With regards to "ridiculously partisan as to be almost incoherent" can I offer a mirror? Your last paragraph isn't strictly impartial or even true. There is no "largest commitment to rail outside London ever" as most of the IRP was not costed or approved. Go read the document and underline all the times that the "commitment" is subject to a business case and then treasury approval.

    As for the care bill itself, the anger is from people who can add. Up north English red wall voters will lose pretty much their entire assets with this proposal. Down south people will keep substantial amounts of their assets.

    This inherent unfairness is just maths and comparing one to the other. It isn't partisan, and so many of the people complaining loudest are Tory MPs...
    The proposals on SC mean that people up north who are unlucky to need long term social care will get to keep just over £20K for an inheritance with the tax payer picking up the rest of the bill. Those down south or better off will pay exactly the same amount to their own care (£86k) and may well have more than £20k left. So everyone is treated equally. No one pays more than £86k.

    Dilnot acknowledged it was a substantial improvement on what we have now and that the system will be substantially better funded. His argument is that money paid by the taxpayer, not the recipient, should be set against the £86k on the basis that this will allow those of more moderate means to leave more. I do not accept that bolstering inheritances is a proper use of money taken from those currently earning. Indeed, I have reservations as to whether the government has already gone too far down that road, especially for those better off.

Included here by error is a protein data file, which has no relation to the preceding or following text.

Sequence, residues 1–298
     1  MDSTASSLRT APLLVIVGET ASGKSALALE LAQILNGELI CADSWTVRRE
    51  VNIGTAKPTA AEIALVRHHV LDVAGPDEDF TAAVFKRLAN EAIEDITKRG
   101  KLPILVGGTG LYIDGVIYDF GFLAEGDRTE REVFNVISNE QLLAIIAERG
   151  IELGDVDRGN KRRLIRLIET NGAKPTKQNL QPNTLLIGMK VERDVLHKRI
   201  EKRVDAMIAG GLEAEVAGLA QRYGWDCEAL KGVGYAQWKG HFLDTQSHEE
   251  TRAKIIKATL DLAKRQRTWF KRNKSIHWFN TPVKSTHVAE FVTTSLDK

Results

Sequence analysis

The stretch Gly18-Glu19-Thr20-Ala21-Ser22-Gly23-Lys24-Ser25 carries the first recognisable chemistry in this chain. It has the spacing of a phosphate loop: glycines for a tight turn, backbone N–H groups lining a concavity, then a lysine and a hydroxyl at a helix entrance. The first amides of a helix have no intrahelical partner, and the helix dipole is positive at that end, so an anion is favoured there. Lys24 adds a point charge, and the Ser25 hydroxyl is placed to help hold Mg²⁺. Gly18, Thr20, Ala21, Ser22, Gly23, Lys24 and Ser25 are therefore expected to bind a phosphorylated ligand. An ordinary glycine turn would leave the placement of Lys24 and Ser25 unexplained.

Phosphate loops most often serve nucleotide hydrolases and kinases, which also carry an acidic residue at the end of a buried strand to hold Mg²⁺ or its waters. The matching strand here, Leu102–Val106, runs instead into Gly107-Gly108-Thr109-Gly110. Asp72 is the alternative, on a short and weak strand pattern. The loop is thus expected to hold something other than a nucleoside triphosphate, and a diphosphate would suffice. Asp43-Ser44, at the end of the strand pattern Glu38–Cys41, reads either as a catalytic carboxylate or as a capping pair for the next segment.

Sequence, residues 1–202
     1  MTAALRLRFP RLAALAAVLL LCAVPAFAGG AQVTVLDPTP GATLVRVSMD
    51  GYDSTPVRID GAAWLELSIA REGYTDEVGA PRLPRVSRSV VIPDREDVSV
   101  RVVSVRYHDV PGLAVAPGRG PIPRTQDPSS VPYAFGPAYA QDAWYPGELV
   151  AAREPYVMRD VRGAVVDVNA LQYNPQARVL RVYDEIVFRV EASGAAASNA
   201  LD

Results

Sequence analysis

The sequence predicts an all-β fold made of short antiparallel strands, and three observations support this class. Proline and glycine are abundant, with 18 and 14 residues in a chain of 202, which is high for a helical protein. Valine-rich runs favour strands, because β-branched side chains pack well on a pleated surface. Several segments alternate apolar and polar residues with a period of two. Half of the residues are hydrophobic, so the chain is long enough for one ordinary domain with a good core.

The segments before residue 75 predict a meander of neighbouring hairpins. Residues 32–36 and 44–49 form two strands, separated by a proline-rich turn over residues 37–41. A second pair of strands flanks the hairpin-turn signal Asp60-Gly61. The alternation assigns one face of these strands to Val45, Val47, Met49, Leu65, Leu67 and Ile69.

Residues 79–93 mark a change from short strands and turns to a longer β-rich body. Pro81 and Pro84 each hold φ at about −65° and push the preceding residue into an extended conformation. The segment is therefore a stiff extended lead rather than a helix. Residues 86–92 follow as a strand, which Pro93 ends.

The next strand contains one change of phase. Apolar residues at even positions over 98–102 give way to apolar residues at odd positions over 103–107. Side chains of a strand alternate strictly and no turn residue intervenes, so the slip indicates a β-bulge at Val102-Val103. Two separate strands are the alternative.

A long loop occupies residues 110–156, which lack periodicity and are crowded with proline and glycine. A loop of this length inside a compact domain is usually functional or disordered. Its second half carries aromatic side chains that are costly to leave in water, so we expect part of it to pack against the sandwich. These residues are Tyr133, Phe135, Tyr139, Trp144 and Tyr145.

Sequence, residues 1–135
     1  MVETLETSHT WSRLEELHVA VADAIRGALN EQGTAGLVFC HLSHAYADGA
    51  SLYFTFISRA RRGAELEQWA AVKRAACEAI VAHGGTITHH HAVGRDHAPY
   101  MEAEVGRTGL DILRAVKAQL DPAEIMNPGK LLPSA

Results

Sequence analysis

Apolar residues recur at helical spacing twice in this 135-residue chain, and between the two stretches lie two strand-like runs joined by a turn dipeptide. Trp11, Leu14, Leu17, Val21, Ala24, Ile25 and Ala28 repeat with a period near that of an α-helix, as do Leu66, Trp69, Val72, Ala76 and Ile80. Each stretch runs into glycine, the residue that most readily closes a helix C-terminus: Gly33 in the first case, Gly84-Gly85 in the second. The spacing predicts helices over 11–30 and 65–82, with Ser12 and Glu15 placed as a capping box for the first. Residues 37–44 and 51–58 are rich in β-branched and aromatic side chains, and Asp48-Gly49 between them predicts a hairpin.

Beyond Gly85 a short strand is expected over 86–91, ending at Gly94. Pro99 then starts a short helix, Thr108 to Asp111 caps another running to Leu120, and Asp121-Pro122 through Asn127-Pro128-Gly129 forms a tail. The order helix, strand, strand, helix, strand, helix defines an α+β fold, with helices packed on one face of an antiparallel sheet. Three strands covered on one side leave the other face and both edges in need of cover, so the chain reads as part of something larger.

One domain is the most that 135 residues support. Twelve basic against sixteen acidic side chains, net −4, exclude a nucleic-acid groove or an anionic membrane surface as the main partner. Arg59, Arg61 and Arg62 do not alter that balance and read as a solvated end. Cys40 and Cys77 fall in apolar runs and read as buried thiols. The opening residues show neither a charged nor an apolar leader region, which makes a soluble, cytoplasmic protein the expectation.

So the argument of the BBC amounts to 3 propositions:
    (1) putting a cap on what everyone pays is somehow unfair.
    (2) increasing inheritances is somehow more important than funding health care, social care and other public services.
    (3) current wage earners should fund this largesse.

    Its just absurd.
    The effect of the policy is to preserve the inheritances of the wealthy, and destroy those of much lesser means.
    The direct opposite of levelling up.
    The only question is how do you make it a simple enough story that Labour can use it up North.

    Down South the Lib Dems can target Nimbyism and pointless projects (given that HS2 now only fixes 1/3 of the lines it was supposed to fix) attacking HS2 for being an white elephant will be an easy win across the home counties.
    Still would leave them short without Scotland.
    What do you make of Anas Sarwar?

    At 16/1 to be First Minister, he has clearly not impressed the punting community.
    How is Mr Ross doing, when he's not refereeing that is?
    Douglas Ross is currently 18/1 to be First Minister, so rated slightly worse than Anas Sarwar.

    Personally, I thought Ross was doing quite well, up until his expenses cock-up last week. Stinker of an unforced error.

    Even after the error, Ross is still miles better than the surprisingly poor Sarwar.
    Thanks. Those odds surprise me a bit too, but they do make sense when one thinks about whom a voter might vote for other than the SNP.
    The path to a Con FM is even more fraught than FUDHY’s “if” and “could be” Quebec onanism.
    It does not need to be a Con FM, even a Unionist Labour FM like Sarwar would kill nationalism stone dead in Scotland
    We're discussing the odds of Con FMs, tbf. Not something else.
    Edit: and in any case what about British nationalism? The SCUP is by name and therefore definition a British nationalist party.
  • StuartDicksonStuartDickson Posts: 11,709
    edited November 2021

    isam said:

    isam said:

    Farooq said:

    Endillion said:

    Your regular reminder (usually from me, whenever this line about Boris only beating "discredited" opponents is bandied about) that Livingstone and (especially) Corbyn are only discredited because Johnson beat them, not the other way around.